05 July 2013, Sweetcrude, Lagos – The Shell Petroleum Development Company of Nigeria Ltd (SPDC) operated Joint Venture has restated its determination to continue to operate safely and in an environmentally friendly manner, even as it decried the sabotage and crude oil theft activities that led to the recent fire and explosion on the 28” Trans Niger Pipeline (TNP). A joint investigation team comprising regulators, communities, independent observers and SPDC found that this incident occurred as a result of unknown persons installing a valve to steal crude oil from the line.
SPDC has repaired the valve point and removed six other crude oil theft connections in its continuing efforts to maintain the integrity of the line. Also, the 24” TNP, which was shut down in a precautionary response to the fire on the 28”TNP has been reopened for production.
In a statement issued by the Company today, the Managing Director of SPDC and Country Chair Shell Companies in Nigeria, Mutiu Sunmonu said: “Suggestions that we reacted slowly to the fire and spill are false.
At the earliest opportunity, we quickly mobilised teams to respond to a crude theft spill on the 28” TNP on June 10 and the explosion and fire on June 19. We conducted an assessment of the risks and decided, with the support of the JTF to enforce a restriction of access to the site for safety reasons. Our response and the actions we took at Bodo West were in the best interest of lives and the environment.”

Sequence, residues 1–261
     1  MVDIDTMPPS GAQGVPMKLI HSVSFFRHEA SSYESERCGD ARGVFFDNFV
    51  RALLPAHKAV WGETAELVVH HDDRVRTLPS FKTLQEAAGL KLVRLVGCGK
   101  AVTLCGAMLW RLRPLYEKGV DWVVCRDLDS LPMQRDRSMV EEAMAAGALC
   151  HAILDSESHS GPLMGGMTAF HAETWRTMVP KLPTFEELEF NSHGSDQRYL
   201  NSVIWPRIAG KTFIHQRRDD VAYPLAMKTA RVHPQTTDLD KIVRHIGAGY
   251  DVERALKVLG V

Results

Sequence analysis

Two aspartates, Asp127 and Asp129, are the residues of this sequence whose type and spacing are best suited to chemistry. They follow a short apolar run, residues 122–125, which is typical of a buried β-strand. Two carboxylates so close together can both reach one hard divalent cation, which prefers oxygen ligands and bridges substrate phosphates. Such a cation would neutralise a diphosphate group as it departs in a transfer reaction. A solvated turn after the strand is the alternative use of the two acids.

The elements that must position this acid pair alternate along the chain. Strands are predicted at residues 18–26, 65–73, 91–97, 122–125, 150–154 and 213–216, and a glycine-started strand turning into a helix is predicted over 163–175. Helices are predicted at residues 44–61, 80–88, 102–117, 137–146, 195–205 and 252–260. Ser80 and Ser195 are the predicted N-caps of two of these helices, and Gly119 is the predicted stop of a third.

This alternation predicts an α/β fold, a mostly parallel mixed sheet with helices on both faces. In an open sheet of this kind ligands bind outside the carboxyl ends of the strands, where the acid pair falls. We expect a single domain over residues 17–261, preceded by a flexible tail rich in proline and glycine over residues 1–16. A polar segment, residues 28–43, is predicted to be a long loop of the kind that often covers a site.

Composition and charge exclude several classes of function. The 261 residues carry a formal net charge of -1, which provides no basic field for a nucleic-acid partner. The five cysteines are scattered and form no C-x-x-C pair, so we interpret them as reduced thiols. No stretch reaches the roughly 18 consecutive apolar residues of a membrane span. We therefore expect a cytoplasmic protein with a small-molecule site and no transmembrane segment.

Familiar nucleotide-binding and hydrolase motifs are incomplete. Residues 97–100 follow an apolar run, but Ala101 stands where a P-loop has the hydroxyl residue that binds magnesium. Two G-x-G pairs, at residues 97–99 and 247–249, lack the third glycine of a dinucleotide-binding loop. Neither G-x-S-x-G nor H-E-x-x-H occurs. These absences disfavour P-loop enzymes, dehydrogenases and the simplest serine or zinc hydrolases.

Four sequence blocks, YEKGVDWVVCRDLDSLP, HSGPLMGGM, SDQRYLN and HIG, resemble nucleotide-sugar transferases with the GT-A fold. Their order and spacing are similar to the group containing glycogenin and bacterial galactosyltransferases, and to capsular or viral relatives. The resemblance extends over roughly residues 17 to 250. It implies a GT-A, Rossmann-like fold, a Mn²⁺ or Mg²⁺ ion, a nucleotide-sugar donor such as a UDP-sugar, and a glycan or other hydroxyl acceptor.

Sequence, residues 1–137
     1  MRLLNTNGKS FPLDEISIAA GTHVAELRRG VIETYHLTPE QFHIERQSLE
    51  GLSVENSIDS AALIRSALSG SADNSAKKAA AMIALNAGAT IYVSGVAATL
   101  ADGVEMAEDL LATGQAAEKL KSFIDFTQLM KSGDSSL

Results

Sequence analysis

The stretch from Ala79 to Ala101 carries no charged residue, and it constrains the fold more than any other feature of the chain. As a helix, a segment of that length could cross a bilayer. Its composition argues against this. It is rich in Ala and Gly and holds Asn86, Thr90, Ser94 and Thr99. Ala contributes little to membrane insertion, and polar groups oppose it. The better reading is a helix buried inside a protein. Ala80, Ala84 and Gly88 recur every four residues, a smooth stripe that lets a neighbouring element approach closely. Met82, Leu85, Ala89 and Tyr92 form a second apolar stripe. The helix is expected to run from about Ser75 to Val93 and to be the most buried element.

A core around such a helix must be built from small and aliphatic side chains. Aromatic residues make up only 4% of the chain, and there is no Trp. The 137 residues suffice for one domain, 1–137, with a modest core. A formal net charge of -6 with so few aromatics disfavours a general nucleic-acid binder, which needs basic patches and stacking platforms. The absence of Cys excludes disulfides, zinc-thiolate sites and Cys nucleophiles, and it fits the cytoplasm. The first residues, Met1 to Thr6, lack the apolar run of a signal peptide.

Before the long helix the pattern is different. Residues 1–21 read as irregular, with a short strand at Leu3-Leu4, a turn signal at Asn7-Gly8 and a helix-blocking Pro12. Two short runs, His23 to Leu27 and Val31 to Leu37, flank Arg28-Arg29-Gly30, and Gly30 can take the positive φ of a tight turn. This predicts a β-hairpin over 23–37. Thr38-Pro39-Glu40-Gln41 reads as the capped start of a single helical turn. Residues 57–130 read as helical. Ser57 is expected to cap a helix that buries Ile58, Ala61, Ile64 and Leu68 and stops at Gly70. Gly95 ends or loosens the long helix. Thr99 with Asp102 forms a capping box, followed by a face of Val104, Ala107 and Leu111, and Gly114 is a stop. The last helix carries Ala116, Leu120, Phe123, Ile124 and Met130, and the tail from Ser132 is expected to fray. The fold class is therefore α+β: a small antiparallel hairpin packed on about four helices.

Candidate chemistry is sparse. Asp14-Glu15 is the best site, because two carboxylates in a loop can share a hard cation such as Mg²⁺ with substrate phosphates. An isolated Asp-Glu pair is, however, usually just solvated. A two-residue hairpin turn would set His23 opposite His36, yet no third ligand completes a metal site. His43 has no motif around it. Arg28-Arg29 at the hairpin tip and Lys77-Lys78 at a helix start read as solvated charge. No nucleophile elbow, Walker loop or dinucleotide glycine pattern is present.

SPDC has also dismissed suggestions that the TNP is not safe to operate.
The line is operated in line with the company’s Pipeline Integrity Management System (PIMS), ensuring regular inspection and maintenance.
The dominant cause of failures on the TNP has been third party damage resulting from sabotage (hacksaw cuts, drilled holes, etc) and illegal crude theft. In the past three years, a total of 25 leaks have been recorded on the facility – 23 of which were due to sabotage and two operational pinhole leaks.
Integrity assessments including Long Range Ultrasonic Test (LRUT) surveys, Cathodic Protection (CP) surveys, and chemical injection have been periodically performed on the pipelines. Also, SPDC has always made use of the opportunity presented during sabotage/crude theft point leak repairs to carry out on-the-spot coating and internal checks to confirm the integrity of the pipeline and coating.
Mr. Sunmonu said: “Shutting down the pipeline as has been suggested is not the answer. Our ability and competence to safely operate the pipeline has never been in doubt. The only way to ensure the TNP operates optimally without being shutdown regularly for repairs is to stop the thriving crude theft activities on both the 24” and 28” streams. All the data from the interventions and assessments in the pipeline integrity assessment process currently confirms that the pipelines are healthy and fit for service. Anyone who wants to see the information can log on to our spills website www.shellnigeria.com/spills .”